Thinking Globally on Proper Monitoring

March 4, 2013 | By Jerry Ashworth | Post a Comment

Rather than taking the easy route and focusing on the gloom and doom of the sequestration again (which, at the rate we’re going, will be around for a while), I thought I’d look elsewhere in the grants world for this blog post. And when I say “world,” this time I’m actually talking international. (Heck, this topic even gave me a chance to use the globe picture again!)

A recent report by the Department of Health and Human Services Office of Inspector General found that the Centers for Disease Control and Prevention’s South Africa office failed to consistently monitor recipients’ use of the President’s Emergency Plan for AIDS Relief (PEPFAR) funds. Call me naïve, but am I the only one that didn’t realize that CDC had a South Africa office? Any guesses as to which city? Bet most of you wouldn’t have said Pretoria.

Anyway, CDC launched PEPFAR to work with health officials in more than 75 countries to combat HIV/AIDS by strengthening health systems and building sustainable HIV/AIDS programs. CDC South Africa oversees PEPFAR funds awarded to recipients in South Africa.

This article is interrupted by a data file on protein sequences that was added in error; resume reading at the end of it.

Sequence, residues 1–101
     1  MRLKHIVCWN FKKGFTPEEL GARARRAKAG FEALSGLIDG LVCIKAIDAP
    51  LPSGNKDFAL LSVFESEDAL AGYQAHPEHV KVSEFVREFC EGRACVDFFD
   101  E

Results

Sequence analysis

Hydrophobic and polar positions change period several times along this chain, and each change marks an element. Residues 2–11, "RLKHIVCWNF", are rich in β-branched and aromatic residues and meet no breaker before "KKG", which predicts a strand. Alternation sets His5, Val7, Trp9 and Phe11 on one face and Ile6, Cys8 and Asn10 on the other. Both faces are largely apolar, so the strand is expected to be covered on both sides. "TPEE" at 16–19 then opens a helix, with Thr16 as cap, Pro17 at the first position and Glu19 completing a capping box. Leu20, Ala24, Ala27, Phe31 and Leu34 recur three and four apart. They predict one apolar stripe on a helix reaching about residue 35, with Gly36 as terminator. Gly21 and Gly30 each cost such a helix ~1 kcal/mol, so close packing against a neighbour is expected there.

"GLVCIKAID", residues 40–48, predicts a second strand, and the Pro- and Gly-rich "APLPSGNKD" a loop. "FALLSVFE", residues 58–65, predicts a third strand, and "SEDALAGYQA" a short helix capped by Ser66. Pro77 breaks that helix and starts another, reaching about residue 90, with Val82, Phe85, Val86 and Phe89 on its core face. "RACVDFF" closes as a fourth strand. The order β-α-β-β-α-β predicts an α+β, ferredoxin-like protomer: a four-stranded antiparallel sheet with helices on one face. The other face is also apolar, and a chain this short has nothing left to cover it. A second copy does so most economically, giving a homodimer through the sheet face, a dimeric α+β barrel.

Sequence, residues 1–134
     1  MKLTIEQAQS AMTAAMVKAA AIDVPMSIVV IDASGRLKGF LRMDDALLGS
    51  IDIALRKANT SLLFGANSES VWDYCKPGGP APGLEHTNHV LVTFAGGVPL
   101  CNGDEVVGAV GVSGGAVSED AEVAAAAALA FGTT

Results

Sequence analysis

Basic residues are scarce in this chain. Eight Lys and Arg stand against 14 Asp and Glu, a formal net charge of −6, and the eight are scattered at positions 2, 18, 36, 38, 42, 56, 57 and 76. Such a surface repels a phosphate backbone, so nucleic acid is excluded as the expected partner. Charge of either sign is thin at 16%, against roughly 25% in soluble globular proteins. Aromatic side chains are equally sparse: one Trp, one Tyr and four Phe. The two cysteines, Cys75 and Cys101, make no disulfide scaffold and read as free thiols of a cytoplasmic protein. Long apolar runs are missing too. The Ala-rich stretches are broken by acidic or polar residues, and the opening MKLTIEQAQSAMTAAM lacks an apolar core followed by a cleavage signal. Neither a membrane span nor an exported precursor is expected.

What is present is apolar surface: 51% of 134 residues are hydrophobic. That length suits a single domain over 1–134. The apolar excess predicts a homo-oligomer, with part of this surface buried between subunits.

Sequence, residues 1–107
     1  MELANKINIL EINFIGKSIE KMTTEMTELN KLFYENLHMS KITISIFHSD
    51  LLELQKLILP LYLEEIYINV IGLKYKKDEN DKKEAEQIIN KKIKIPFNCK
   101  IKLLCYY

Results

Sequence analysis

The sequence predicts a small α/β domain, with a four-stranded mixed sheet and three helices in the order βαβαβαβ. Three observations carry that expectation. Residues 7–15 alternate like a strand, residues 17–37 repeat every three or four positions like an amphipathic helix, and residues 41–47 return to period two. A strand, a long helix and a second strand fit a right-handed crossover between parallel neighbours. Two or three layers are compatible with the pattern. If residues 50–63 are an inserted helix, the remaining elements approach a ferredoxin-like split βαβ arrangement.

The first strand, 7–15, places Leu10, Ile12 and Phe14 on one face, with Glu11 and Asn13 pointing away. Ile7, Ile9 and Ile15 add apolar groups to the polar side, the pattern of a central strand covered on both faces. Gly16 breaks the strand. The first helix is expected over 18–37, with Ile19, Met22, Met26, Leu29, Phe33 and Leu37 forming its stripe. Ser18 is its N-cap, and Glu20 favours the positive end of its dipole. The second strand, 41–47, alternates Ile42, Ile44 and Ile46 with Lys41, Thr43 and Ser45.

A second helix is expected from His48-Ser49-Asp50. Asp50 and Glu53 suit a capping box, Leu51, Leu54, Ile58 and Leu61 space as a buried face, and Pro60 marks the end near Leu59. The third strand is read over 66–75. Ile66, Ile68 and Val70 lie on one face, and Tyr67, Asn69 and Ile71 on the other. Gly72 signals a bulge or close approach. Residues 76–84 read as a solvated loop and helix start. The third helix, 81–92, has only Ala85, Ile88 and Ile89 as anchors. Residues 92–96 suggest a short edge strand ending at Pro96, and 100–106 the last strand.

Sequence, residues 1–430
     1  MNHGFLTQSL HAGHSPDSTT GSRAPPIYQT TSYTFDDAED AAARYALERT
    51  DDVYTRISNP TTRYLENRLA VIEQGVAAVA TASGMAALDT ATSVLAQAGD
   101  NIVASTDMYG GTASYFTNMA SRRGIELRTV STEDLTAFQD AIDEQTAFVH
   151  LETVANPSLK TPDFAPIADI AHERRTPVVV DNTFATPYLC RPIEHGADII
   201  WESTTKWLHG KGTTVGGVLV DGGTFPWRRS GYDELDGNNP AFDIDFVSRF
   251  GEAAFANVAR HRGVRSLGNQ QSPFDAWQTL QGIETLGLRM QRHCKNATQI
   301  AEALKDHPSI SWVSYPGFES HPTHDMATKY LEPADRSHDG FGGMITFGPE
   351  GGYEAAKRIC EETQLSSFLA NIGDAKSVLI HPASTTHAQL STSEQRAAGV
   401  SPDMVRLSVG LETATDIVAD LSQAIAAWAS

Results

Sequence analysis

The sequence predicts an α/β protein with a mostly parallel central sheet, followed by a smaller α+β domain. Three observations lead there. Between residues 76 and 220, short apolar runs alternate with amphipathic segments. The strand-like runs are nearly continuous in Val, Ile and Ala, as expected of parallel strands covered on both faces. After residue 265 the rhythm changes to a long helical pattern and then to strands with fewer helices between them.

The OIG audit found that CDC South Africa did not always monitor recipients’ use of PEPFAR funds in accordance with HHS and other federal requirements. While CDC South Africa did conduct a certain level of monitoring, OIG found that most of the recipient cooperative agreement files did not include required documents or evidence that CDC South Africa had monitored all cooperative agreements.

To make matters worse, CDC South Africa did not have written policies and procedures to help ensure that it consistently monitored the cooperative agreements for recipients in accordance with HHS and other federal requirements, according to OIG. It recommended that CDC South Africa implement standard operating procedures for monitoring recipients’ use of PEPFAR funds.

Following the review, CDC South Africa has since drafted standard operating procedures for managing cooperative agreements, including monitoring. Let’s hope that this helps improve its oversight. There’s a lesson to be learned here, especially for pass-through entities that are monitoring subrecipients. Especially these days where every dollar spent will be highly scrutinized, having written procedures for monitoring funds is critical.

Let us know your thoughts on preparing written monitoring procedures and if you have any advice.


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